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Content Testing & Optimization (CTO) Webinar, April 29 2010


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Content Testing & Optimization (CTO) Webinar, April 29 2010

  1. 1. Content Testing & Optimization (CTO)<br />April 29, 2010<br /> One to One Interactive, 2010. All rights reserved.<br />
  2. 2. Agenda<br />
  3. 3. What Is Content Testing & Optimization?<br />%?<br />Sale!<br />(But how many made it through?)<br />
  4. 4. The Main Question<br />“Can we rapidly test new landing page elements -- or entirely new pages -- to continue to lift our site’s conversion rate?”<br />
  5. 5. Introduction<br />Who should consider Content Testing & Optimization?<br />Marketers looking to increase online conversion, revenue and ROI by leveraging the unique opportunities offered by the digital space to improve visitor response<br />What will we cover today?<br />The philosophy, planning and implementation that drives a Content Testing and Optimization (CTO) strategy and share a few of One To One’s successes<br />What will be my takeaways?<br /><ul><li>The digital marketing strategy behind Content Testing and Optimization
  6. 6. How A/B/N and multivariate test strategies are designed
  7. 7. How CTO can lead to significant lifts in conversion, revenue and ROI
  8. 8. How optimization learnings can improve ongoing marketing strategy</li></li></ul><li>One To One’s Approach To Content Testing and Optimization(CTO)<br />
  9. 9. Approach To Content Testing and Optimization<br />Objectives<br />Create ROI positive sustainable improvements in content performance against desired actions<br />Build ongoing optimization engine<br />Approach<br />Conduct test in waves against specific objectives <br />Design tests to always achieve statistical significance with rapid turnaround times (2-6 weeks)<br />Test Formats<br />Content development (A/B/N testing)<br />Content elements (multivariate optimization testing)<br />
  10. 10. A/B/N Redesign Test<br /><ul><li>The “A/B/…N” approach provides the simplest approach to Content Testing and Optimization</li></ul>Redesign B<br />Champion Page<br />Redesign A<br />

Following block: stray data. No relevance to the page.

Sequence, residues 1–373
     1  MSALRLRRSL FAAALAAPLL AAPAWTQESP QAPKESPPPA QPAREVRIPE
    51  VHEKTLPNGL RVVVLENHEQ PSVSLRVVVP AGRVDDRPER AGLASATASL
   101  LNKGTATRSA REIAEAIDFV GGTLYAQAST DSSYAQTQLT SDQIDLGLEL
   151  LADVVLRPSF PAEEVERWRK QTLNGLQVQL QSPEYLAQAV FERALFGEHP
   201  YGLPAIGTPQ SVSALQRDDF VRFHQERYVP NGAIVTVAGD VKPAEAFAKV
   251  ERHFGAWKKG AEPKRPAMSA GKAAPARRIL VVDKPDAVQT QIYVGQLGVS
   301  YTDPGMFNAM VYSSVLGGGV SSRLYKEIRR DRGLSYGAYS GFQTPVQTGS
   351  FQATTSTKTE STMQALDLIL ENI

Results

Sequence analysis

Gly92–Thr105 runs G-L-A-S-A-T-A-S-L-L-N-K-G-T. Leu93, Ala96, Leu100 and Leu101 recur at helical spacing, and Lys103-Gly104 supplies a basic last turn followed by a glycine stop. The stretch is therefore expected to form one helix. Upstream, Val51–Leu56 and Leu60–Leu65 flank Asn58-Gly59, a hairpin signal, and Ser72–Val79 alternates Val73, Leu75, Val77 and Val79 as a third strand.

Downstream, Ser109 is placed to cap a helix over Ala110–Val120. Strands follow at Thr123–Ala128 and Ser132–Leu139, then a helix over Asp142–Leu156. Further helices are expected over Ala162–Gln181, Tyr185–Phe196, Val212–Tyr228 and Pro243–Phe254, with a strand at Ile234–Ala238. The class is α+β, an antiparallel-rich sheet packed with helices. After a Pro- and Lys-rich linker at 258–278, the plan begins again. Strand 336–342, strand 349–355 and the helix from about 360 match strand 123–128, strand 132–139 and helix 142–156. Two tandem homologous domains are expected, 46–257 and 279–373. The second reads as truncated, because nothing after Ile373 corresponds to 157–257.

11. 11. A/B/N Redesign Test<br /><ul><li>Present highly varied, competing page concepts designed to demonstrate as widely different designs as possible</li></ul>Redesign B<br />Champion<br />Redesign A<br />
  12. 12. A/B/N Redesign Test<br /><ul><li>The greater potential to affect overall results temporarily supersedes your ability measure the effect of specific elements on the page</li></ul>Redesign B<br />Champion<br />Redesign A<br />
  13. 13. A/B/N Redesign Test<br /><ul><li>Don’t get trapped trying to keep any elements “consistent”. Your visitors will only ever see one version!</li></ul>Redesign B<br />Champion<br />Redesign A<br />
  14. 14. Most popular complaint to A/B/N testing<br />“But I don’t know why that page won!”<br />Solution?<br />Eye Tracking<br />
  15. 15. Using Eye Tracking To Identify Areas of Interest<br />B<br />A<br />B<br />A<br />B<br /><ul><li>Understanding which elements on your winning page generated the most fixation and longest gaze duration can help provide the “why” of A/B/N testing</li></ul>A<br />
  16. 16. Multivariate Testing (MVT) Completion<br /><ul><li>Once an A/B/N test’s winning design is determined, the losing designs are turned off and the winner is declared the new Champion
  17. 17. Any findings are determined via methods such as eye tracking or link analysis, though the specific “what’s most important on this page?” answer may not be available… yet
  18. 18. At this point “multivariate” or “MVT” testing of specific page elements on the new Champion is recommended</li></li></ul><li>Multivariate Testing (MVT)<br /><ul><li>Elements within a layout such as imagery, copy, calls to action are varied and tested against each other in differing combinations, or “recipes”</li></li></ul><li>Multivariate Testing (MVT)<br /><ul><li>The best performing recipe (for example, Headline “1” + Image “3” + Call To Action “2,”) becomes the winner and is rolled out into the next ongoing campaign</li></li></ul><li>Multivariate Test Dimensions<br />Sample elements for test consideration<br />Calls To Action<br />Imagery<br />Headlines<br />Content/Message<br /><ul><li>Quantity
  19. 19. Design style
  20. 20. Text surrounding, “prompting” CTAs
  21. 21. Color
  22. 22. Location
  23. 23. Size
  24. 24. Prominence
  25. 25. Highlighted feature content
  26. 26. Size
  27. 27. Theme
  28. 28. Location
  29. 29. Quantity
  30. 30. Prominence
  31. 31. Style – lifestyle, product
  32. 32. Headline within imagery
  33. 33. Clickability of image
  34. 34. Style – story v. straight
  35. 35. Size
  36. 36. Location
  37. 37. Color
  38. 38. Length